The Other World: Reading News as Myth to Imagine the British Nation
The socially formative role of international news can often
be overlooked in favour of editorial and commentary when examining its influence on the development of national identity. Because of its ancestry of objectivity and factual accuracy, the truly socially formative function of news is often regarded only in terms of bias, or as a tool of manipulation for authority figures. Benedict Anderson and other key scholars establish news as a site of imagining communities, often on a national scale. This thesis will examine international news as indicative of underlying knowledge and belief systems. The discursive power of international news can be likened to and analysed as that of modern mythology. It occupies a similar socially cohesive role, adheres to similar narrative structures, and has similar discursive impacts.
This thesis analysed foreign news articles that appeared in London newspapers, during the second world war, covering a moment of crisis and drama in Nazi Germany. The research involved the examination of three British newspapers and their coverage of the unsuccessful assassination attempt of Adolf Hitler on July 20, 1944, which became known as “The July 20 Plot”. A textual analysis that read news as myth identified overarching themes in the characterisation of Germany: a nation in chaos; the German military and public rife with disloyalty; a government ruling with an iron fist; and Hitler as a fanatical madman. These themes were indicative of British citizens imagining their nation as a community in opposition to that of Germany.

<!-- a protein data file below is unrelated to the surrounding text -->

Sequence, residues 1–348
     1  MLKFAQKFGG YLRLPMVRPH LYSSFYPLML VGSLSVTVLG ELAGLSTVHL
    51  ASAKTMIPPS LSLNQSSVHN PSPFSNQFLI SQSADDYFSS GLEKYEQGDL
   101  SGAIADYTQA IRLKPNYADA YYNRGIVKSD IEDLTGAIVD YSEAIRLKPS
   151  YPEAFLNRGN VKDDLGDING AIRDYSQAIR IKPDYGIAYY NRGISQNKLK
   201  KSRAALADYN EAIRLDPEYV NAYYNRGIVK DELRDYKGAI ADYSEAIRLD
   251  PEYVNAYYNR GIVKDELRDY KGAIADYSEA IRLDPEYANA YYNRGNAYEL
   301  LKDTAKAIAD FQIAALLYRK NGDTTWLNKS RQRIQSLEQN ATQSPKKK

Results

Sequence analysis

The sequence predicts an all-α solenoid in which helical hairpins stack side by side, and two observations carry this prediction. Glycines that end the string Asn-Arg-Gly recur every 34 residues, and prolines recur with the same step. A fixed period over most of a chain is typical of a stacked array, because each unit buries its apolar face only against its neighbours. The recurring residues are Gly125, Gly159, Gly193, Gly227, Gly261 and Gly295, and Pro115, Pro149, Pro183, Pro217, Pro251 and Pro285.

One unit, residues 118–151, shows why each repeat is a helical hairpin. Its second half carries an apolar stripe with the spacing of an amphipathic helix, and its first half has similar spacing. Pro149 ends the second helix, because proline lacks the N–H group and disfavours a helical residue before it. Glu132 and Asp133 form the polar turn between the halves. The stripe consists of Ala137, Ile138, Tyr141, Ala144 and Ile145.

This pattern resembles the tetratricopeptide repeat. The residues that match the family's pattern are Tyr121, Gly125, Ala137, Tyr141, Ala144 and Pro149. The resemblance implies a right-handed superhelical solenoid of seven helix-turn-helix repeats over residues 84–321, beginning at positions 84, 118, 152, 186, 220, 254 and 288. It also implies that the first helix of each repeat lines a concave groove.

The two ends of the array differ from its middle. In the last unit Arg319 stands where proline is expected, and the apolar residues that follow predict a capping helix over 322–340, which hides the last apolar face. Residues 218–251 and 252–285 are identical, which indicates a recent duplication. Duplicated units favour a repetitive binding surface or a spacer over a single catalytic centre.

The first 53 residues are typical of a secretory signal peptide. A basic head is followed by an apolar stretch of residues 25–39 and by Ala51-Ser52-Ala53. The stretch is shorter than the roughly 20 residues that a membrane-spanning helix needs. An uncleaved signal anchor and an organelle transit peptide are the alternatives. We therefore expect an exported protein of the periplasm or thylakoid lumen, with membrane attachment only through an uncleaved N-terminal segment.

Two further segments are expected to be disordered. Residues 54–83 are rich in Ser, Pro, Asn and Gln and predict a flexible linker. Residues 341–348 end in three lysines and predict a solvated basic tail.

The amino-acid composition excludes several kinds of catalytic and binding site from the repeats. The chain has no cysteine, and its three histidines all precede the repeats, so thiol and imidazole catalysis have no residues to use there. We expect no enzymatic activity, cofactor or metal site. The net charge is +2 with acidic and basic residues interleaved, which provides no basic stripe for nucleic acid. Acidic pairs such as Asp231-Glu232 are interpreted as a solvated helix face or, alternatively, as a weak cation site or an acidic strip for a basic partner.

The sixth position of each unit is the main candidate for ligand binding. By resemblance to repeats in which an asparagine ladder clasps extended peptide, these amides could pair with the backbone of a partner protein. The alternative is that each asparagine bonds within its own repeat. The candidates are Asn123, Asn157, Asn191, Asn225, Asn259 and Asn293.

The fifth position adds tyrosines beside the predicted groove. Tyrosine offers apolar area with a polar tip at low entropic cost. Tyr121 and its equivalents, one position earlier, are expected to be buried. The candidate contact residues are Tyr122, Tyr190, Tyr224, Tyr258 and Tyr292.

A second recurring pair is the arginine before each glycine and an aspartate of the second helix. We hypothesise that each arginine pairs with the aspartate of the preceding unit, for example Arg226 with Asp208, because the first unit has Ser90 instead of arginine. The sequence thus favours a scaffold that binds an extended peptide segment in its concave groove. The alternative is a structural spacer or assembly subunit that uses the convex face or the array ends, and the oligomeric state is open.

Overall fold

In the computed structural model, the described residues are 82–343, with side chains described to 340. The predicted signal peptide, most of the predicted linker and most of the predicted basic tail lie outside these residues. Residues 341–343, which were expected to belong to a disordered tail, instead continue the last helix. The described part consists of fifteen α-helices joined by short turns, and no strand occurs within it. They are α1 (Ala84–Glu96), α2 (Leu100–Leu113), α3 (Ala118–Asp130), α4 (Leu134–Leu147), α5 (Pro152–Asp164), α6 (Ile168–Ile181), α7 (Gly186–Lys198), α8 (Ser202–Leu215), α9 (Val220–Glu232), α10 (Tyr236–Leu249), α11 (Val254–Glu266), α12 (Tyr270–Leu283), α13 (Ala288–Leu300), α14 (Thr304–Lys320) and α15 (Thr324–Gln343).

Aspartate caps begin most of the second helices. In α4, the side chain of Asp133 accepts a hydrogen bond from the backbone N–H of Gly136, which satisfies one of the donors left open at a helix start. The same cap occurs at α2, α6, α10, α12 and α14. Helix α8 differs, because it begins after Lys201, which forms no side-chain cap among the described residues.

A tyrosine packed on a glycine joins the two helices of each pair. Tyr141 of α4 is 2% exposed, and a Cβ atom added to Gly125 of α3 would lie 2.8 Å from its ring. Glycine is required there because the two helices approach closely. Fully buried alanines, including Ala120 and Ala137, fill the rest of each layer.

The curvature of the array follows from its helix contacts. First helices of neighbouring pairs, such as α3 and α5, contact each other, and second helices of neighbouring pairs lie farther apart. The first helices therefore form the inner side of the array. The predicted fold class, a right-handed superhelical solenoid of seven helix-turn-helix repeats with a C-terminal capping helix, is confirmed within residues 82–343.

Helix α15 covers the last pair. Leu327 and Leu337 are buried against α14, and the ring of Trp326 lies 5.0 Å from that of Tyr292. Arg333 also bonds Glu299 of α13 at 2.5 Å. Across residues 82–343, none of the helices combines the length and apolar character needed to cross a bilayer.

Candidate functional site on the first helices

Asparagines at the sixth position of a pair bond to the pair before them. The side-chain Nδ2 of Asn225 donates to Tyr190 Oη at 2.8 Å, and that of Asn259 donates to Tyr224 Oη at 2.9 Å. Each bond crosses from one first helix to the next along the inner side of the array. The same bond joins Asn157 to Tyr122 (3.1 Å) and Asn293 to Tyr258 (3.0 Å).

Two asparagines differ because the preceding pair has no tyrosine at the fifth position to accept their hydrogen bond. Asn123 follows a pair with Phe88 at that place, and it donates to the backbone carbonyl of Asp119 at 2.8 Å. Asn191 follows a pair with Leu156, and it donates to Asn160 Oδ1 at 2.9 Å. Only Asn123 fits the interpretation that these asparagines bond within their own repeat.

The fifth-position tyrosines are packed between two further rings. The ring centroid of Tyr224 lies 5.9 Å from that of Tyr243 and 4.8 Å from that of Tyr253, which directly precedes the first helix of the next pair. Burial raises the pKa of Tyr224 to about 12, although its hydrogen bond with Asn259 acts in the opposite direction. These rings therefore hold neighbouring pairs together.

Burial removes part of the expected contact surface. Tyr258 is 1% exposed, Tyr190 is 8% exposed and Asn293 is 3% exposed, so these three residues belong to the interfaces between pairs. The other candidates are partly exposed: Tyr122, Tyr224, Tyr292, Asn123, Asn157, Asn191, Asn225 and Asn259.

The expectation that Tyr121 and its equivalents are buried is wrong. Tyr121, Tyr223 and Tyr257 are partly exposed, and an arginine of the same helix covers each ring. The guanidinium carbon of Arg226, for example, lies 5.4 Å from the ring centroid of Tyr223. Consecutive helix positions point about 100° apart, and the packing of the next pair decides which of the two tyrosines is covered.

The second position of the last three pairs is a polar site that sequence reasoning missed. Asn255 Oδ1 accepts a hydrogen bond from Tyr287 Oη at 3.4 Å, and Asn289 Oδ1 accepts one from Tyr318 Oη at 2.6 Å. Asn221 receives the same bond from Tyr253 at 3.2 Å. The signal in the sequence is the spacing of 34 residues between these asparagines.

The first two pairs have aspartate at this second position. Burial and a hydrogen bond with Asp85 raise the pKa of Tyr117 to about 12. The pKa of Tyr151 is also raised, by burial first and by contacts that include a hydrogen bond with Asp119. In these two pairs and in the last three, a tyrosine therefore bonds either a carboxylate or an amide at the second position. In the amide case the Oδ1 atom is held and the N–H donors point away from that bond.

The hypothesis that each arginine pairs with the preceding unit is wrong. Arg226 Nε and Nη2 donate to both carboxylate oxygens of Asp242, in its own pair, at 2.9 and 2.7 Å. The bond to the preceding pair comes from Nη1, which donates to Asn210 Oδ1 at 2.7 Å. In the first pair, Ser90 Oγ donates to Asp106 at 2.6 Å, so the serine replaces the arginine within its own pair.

The analysis was supported by reading the news articles as an “Other World” myth, through which characteristics of the nation imagined by Britons was observed as existing in opposition to that of the Germany portrayed. Implicit in the depiction of Germany was reverence of military discipline, democratic process, solidarity in times of hardship, and egalitarian camaraderie amongst all citizens and leaders. International news is thus solidi ed as a source of historical enquiry, as well as a site of discourse that can be examined as the expression of mythological knowledge that typifies a national imagined community.